Tuesday, April 30, 2013

A Wanted Man, by Lee Child

I had all the best intentions about chores this afternoon.  But there, on the new releases shelf at the public library this morning, the "Jack Reacher" novel that I'd not yet read.   Well it's never difficult to postpone chores...

I liked this book.   The pace was relaxed (some reviewers think too relaxed), but I enjoyed it.  No complaints:  true to my expectations for Mr. Child's novels.

Surprising, then, the number of negative reviews.   As of this writing, on Amazon's review page there are 2,337 reviews of which 22% are negative.  That seems to me a large number.  With 16% undeclared (three stars), that leaves but 62% positive.   Words used include:  sluggish, running out of steam, and too much like the rest.

Maybe all true, but it did keep my full attention this afternoon.

Thursday, April 25, 2013

Black Pawn, by Mel Lebrun

The book could have been good.  The plot was interesting and nearly believable, as were the key characters (with some caveats to follow).   So what went wrong?

The author writes like someone who has taken writing classes and done well.   He uses clear and descriptive sentence.   Unfortunately, though, there's a palpable absence of - well, soul isn't precisely the right word.  Energy?  The sentences are grammatical and "well written" yet flat.  That's it:  flat.

Another problem is that one of the major characters, Jessica, is so deeply flawed and unlikeable that her magical and convenient (to the plot) relationship with hero Michael Cailen strains credibility.

I suspect there will be a sequel and I will try to avoid it.

Thursday, April 11, 2013

The Orphan Master's Son, by Adam Johnson

Read this book.  I've been recommending it to everyone I know who enjoys literature.

So what else can I say about Mr. Johnson's work?   I'll just quote Sam Sacks' comments from his Wall Street Journal article:
"...the single best work of fiction published in 2012. The novel is set in North Korea, and Mr. Johnson's imagined rendering of the late dictator Kim Jong Il gives us an apotheosis of modern-day insanity. The tyrant (who actually wrote and directed movies in real life) acts as though the whole world is his personal reality TV show. But though this world is profoundly absurd, Mr. Johnson unforgettably depicts the savage measures needed to uphold the delusion. The book's cunning, flair and pathos are testaments to the still-formidable power of the written word."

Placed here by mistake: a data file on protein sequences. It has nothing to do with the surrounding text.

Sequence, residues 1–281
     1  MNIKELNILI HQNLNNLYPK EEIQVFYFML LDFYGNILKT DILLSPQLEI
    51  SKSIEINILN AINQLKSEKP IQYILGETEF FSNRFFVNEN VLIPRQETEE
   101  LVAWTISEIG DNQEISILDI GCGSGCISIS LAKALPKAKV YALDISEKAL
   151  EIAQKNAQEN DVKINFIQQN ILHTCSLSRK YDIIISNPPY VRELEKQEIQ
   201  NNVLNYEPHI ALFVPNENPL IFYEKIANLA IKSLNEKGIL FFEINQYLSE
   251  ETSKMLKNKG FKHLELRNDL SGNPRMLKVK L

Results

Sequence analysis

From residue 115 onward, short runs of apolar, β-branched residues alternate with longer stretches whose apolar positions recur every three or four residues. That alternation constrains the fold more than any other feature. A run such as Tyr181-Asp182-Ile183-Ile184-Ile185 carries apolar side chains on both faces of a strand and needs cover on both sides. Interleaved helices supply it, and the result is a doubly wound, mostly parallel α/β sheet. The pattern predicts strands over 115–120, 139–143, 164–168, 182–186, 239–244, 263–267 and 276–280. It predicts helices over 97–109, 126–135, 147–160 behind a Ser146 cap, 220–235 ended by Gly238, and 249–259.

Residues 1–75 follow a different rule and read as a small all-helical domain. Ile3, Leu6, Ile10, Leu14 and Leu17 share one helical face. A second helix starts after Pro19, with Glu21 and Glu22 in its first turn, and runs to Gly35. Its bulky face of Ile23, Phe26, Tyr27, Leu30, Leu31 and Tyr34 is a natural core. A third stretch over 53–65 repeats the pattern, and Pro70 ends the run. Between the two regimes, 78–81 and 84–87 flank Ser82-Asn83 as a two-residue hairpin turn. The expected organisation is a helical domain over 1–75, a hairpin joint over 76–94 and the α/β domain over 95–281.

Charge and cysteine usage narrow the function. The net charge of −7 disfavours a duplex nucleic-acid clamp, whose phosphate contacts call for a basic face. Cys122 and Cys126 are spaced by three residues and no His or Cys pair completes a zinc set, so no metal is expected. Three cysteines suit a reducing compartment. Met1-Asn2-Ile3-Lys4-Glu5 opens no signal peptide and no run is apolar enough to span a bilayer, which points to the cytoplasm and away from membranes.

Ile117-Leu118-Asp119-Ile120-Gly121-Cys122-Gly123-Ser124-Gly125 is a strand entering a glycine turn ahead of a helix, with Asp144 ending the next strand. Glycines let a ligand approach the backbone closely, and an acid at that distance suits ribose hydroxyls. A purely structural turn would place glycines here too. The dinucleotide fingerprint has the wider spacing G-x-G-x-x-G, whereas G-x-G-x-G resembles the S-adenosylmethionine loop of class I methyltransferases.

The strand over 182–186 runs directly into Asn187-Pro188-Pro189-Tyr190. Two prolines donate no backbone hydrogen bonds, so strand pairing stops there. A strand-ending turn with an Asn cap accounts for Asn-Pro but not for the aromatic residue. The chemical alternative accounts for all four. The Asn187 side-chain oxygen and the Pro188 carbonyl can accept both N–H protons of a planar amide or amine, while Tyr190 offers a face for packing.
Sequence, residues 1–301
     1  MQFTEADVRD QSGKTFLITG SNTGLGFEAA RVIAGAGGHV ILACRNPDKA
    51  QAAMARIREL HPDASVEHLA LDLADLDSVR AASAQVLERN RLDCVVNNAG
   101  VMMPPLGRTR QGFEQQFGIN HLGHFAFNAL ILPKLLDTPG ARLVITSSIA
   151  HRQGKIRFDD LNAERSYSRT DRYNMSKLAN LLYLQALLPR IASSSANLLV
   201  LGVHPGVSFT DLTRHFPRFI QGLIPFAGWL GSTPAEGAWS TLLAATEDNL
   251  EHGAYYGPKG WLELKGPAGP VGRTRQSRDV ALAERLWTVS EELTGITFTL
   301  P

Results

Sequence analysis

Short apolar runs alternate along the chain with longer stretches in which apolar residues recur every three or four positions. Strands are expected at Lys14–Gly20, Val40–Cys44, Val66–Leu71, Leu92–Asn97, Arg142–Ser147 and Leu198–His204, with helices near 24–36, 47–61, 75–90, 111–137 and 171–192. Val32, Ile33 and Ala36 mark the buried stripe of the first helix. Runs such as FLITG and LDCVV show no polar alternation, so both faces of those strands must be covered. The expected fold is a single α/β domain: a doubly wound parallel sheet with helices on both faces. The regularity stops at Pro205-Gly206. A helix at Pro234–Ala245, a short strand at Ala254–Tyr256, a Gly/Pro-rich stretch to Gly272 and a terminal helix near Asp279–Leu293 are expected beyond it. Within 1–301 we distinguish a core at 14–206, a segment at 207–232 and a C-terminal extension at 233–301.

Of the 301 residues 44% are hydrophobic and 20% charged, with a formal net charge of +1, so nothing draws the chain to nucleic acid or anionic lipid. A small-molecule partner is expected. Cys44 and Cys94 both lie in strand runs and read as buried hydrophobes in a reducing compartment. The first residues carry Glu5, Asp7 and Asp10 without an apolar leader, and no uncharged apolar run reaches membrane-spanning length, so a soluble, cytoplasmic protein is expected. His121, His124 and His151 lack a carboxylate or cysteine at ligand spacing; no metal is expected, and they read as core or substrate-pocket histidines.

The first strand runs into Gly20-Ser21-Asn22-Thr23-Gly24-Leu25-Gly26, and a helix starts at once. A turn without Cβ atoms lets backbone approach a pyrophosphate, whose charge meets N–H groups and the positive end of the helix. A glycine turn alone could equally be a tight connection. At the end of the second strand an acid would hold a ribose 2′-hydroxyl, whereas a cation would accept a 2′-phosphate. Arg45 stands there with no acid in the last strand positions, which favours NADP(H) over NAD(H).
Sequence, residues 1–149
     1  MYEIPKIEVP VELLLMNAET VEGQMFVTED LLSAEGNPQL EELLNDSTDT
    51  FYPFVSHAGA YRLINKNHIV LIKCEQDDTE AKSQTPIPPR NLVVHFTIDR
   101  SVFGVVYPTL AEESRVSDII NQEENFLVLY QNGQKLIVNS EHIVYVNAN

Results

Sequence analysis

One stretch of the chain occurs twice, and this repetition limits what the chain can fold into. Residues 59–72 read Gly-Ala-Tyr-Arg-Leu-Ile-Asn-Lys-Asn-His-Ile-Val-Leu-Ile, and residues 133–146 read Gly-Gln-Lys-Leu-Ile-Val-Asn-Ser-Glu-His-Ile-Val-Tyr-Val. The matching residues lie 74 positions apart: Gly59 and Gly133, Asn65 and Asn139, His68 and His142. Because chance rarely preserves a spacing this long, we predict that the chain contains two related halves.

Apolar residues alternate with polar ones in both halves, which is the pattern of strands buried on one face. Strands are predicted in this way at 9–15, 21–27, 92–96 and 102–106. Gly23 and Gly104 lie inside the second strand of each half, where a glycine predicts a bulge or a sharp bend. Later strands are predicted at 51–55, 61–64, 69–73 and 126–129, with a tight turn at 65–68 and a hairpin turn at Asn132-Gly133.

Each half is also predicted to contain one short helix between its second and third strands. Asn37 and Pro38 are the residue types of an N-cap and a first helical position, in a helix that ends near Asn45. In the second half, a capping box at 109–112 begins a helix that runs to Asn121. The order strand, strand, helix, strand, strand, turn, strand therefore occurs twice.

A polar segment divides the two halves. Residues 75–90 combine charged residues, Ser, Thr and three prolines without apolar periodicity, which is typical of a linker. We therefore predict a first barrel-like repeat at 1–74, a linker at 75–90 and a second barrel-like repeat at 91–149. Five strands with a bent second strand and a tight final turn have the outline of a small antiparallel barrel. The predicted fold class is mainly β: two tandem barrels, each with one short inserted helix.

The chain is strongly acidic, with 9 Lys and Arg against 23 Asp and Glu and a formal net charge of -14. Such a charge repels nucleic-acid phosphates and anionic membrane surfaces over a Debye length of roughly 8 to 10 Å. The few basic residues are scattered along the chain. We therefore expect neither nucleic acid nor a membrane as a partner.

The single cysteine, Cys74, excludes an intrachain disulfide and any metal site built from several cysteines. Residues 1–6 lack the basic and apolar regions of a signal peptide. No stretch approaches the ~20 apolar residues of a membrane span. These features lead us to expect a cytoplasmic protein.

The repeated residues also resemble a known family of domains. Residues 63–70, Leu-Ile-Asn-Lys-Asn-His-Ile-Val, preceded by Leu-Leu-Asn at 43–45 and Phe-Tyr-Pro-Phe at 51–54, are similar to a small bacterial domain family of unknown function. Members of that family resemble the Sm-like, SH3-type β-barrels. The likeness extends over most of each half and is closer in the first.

Oh, and Mr. Johnson won the Pulitzer Prize for this novel.

Tuesday, April 9, 2013

Cold Days, by Jim Butcher

The sub-title is, "A novel of the Dresden files," which makes this a continuation (the 14th) of Mr. Butcher's series about Chicago -based wizard, Harry Dresden.

When I wrote about Mr. Butcher's earlier book in this series I said I wouldn't bother reading the rest.  But this was on the library shelf just at eye level and I'd forgotten about my earlier comments.

So the good news:  well written, interesting, good plot.  All said with the grain of salt that it is, after all, about a wizard for heaven's sake!  There are weird books and then there's this one; weird with a splash of loony.

The bad news:  for much of the book, the Harry Dresden is a wise cracking, obnoxious and annoying caricature.  You know the type: the hero who has a smart ass comment about everything, especially when it is inappropriate and especially when it will lead to more trouble.   It is this that I dislike about the novel.  Although the character did get a bit better towards the end.

I'm reversing my earlier comment; I will continue to read this series.  And I will continue to think of it as weird and loony.

Sunday, April 7, 2013

The Twelve, by Justin Cronin

This novel is a continuation to, and expansion of, Mr. Cronin's The Passage.   I was quite taken by the earlier book, but am far less enthusiastic about this one.

Some background:  both books fit in the post-apocalyptic genre.  A branch of the US defense / intelligence community does biological weapons research with a twist:  they've decided that creating an enhanced human fighter would be useful.   The enhancement in this case is vampire -like capabilities.  They do their testing on a population of convicted criminals; not, in general, good guys.   The monsters get out, havoc ensues, and there's a new civilization across North America that doesn't go out at night.

The Twelve continues the story of key characters in The Passage and introduces many new ones.   Almost too many.   And while the character development is quite good, there are all sorts of crazy things going on.  Well, you might say, that's the point, right?

I didn't find this novel scary, the way you might think about a Stephen King novel.  It certainly was creepy.  There were plenty of positive scenes, but my overall sense was despair fatigue.  In fact, that was my predominant emotional reaction; this book just wore me out.

If you're curious about what might happen next after reading The Passage, you'll find answers here, but I'm not going to recommend you bother with it if you're on the fence of disinterest.   There will probably be a third novel in this sequence, and I doubt that I'll read it.